3 Woodend Bowling and Tennis Club in its current site on Chamberlain Road was formed in 1909 and the full history of the Club’s first fifty years can be found in the booklet published for its jubilee in 1959. When the members of Jordanhill Bowling Club (in Broomhill, see above) rejected their committee’s recommendation to acquire the land at Chamberlain Road, a number of dissident members from the Jordanhill area decided to go it alone and canvassed for support in Jordanhill. A meeting was held in Jordanhill Church Hall on 5 December 1908 attended by about 100 residents and it was agreed to proceed to form a new club. The site was feued from the Smiths of Jordanhill and the cost of forming the two greens, four tennis courts and a pavilion was estimated at around £1500. Exactly six months later on 5 June 1909 the opening ceremony took place using the one green which was completed by that time. The original clubhouse did not last very long before it was found to be too small and to be structurally unstable. In November 1928 the present clubhouse was opened at a cost of £2900. That clubhouse has now been demolished, part of the site has been sold off for housing and a new pavilion is now in place.
See the website at http://www.woodendbltc.co.uk/.
4 Anniesland Bowling and Tennis Club, 101 Helensburgh Drive. City Bakeries established the single bowling green and tennis courts in 1931 for use by their staff. In the 60’s ownership changed to Drysdales Pumps, again mainly for staff but associate membership was available to non-staff. Then in the mid 70’s the premises were acquired by Weirs of Cathcart who already had a staff bowling club in Cathcart so they made a distinction and called this club “Weirs of Yoker” even though there was no Weir factory in Yoker.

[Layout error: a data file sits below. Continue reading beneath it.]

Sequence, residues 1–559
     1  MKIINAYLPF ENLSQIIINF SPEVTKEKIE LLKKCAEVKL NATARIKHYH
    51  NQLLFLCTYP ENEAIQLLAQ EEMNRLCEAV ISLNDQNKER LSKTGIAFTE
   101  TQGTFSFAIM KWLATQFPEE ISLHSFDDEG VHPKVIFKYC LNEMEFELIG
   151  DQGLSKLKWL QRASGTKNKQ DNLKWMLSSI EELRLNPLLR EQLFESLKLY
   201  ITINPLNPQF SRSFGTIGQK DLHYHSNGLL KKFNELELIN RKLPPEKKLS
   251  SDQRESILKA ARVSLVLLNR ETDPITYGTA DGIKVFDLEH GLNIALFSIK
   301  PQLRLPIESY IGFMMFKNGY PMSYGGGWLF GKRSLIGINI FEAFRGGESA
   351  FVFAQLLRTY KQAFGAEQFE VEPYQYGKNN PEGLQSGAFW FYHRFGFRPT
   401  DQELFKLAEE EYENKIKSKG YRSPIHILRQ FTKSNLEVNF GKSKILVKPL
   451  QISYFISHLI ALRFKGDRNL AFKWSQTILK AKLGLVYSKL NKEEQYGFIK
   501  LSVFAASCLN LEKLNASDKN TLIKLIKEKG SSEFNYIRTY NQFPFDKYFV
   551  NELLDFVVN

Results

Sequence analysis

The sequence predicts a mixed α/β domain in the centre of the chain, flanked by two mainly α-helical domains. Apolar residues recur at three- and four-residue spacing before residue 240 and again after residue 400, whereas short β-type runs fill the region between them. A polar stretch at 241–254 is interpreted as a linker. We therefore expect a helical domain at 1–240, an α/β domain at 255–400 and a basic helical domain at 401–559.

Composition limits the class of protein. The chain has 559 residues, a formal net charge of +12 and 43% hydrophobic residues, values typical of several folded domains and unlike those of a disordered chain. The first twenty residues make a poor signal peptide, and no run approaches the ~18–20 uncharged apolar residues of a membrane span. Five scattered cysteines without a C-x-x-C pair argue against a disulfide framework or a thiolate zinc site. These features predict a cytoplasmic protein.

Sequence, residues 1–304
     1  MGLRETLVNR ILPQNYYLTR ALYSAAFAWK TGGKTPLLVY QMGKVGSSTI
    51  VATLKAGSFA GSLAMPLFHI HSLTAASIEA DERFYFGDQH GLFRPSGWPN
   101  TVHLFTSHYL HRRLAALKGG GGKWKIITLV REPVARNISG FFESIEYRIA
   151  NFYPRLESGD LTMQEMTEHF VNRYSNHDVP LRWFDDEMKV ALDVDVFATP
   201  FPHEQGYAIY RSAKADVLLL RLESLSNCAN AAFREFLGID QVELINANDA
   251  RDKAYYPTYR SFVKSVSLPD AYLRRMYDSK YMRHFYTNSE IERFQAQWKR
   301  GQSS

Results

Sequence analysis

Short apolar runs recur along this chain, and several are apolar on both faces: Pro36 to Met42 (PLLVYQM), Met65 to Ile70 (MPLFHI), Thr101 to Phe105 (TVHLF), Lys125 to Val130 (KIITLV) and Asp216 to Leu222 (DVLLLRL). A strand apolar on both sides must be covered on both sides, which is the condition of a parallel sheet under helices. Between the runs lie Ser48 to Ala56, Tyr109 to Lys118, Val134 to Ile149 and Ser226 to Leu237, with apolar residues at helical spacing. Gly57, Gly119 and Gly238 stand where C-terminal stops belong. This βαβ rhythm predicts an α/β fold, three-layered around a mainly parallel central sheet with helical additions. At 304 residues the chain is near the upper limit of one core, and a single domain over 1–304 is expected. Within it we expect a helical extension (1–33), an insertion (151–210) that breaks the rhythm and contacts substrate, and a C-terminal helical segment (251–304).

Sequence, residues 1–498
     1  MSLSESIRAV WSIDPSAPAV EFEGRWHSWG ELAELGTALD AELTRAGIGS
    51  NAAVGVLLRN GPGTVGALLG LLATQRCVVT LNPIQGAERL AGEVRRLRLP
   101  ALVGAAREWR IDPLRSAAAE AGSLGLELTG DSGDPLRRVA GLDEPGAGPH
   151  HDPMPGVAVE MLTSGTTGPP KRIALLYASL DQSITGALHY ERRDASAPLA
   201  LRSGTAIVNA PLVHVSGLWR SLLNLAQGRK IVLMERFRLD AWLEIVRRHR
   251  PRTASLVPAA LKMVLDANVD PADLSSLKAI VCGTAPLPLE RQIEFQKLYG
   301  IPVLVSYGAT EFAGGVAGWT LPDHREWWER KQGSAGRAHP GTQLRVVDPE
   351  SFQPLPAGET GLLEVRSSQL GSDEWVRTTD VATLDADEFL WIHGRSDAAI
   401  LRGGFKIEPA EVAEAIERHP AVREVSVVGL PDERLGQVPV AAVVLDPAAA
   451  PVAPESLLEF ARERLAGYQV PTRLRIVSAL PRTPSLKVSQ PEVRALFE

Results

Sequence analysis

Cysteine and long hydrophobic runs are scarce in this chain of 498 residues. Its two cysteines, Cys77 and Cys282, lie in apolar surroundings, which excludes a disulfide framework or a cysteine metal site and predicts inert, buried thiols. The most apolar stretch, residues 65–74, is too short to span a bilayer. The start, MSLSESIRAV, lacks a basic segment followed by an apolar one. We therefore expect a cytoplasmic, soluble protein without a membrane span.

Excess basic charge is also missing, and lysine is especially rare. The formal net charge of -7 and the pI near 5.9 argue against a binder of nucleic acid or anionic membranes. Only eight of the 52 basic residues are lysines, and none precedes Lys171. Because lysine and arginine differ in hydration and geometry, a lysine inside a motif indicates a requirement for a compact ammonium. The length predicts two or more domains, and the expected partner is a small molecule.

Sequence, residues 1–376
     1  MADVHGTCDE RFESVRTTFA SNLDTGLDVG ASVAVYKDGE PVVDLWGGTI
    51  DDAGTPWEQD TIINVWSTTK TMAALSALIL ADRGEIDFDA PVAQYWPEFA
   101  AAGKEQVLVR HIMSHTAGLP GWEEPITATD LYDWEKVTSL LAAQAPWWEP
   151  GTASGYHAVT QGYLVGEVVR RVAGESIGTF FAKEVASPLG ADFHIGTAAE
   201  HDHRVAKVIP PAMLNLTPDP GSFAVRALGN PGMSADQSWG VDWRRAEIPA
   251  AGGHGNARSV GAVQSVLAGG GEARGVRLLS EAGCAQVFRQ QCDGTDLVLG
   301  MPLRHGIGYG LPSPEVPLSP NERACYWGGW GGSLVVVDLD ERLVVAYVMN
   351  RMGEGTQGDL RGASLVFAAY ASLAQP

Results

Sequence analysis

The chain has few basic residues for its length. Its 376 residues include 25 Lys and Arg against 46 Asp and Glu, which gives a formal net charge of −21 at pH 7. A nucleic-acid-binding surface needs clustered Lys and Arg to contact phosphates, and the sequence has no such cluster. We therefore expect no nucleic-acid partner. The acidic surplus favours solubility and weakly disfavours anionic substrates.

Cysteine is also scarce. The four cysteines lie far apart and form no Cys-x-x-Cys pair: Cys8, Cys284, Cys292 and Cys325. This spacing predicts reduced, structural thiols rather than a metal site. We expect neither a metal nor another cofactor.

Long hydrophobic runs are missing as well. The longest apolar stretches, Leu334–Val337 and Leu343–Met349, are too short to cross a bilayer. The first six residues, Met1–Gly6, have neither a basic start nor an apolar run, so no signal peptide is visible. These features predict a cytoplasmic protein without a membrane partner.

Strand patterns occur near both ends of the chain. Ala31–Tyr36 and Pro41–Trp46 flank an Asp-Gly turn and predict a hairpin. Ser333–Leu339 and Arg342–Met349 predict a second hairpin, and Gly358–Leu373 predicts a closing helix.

In 1977 Weirs decided to sell up so the members got together, bought the club and renamed it Anniesland Bowling and Tennis Club.
5 Yarrow Recreation Club, 223 Anniesland Road. In 1925 Castlebank Laundry (which stood on the north side of Anniesland Road east of the row of cottages known as Compass Cottages) formed the bowling green and tennis courts for its employees and called it the Rothley Bowling Club. In 1945 the site was purchased by Yarrow and Co Ltd for their employees and a second bowling green was laid out. It became the Yarrow Recreation Club. The original Rothley Club was opened by a Mrs Fridge using a silver jack, and on the silver jubilee of the Yarrow Club’s acquisition in 1995, Mrs Fridge’s daughter was invited to return (aged 90) and she presented that original 1925 silver jack to the present club.
6 Barclay Curle Recreation Ground (now Burlington Gate housing development). The attached extract from the Ordnance Survey map, 1932 revision, shows the ground with two bowling greens and a pavilion.
1 Barclay Curle Recreation Ground, shown above, disused from the 60’s, now part of the Burlington Gate Housing Development.
2 Glasgow High School playing fields, shown in the map above and still available into the 70’s. Now part of the large car park within the High School development.
3 Woodend Bowling and Tennis Club, Chamberlain Road (see entry under “Bowling” above)
4 Anniesland Bowling and Tennis Club, Helensburgh Drive (see entry under “Bowling” above)
5 Yarrow Recreation Club, Anniesland Road (see entry under “Bowling” above)
6 Victoria Park, still in use today.
7 Jordanhill School. In the early days of the school, in the 1930’s, there was just a small tennis court about a quarter of the size of the present blaes area.
8 Jordanhill College. Following the construction of the main College building in the 1920’s, seven tennis courts were laid out behind it (to the west) and while some of these survived into the 70’s they were progressively removed for the construction of the new library building and other college developments.
9 In the 1930’s Park School for Girls created a sports ground on Anniesland Road and incorporated several tennis courts. See the entry regarding this site under ”Sports Grounds” below.
1 The swimming pool for Jordanhill College was built as a stand-alone building opened in 1963 and stood within the College grounds just west of the main gate on Southbrae Drive. Its use was discontinued in 2001 and it lay empty while a decision was made on its future. When Strathclyde University sold off part of the campus to housing developers its fate was sealed and it was demolished in 2004.
John Stevenson, the Swimming Co-ordinator of Jordanhill College and a local resident, ran swimming classes for local children in the pool from about 1970 till 1999 and made a huge contribution to the development and enjoyment of this sport within our community.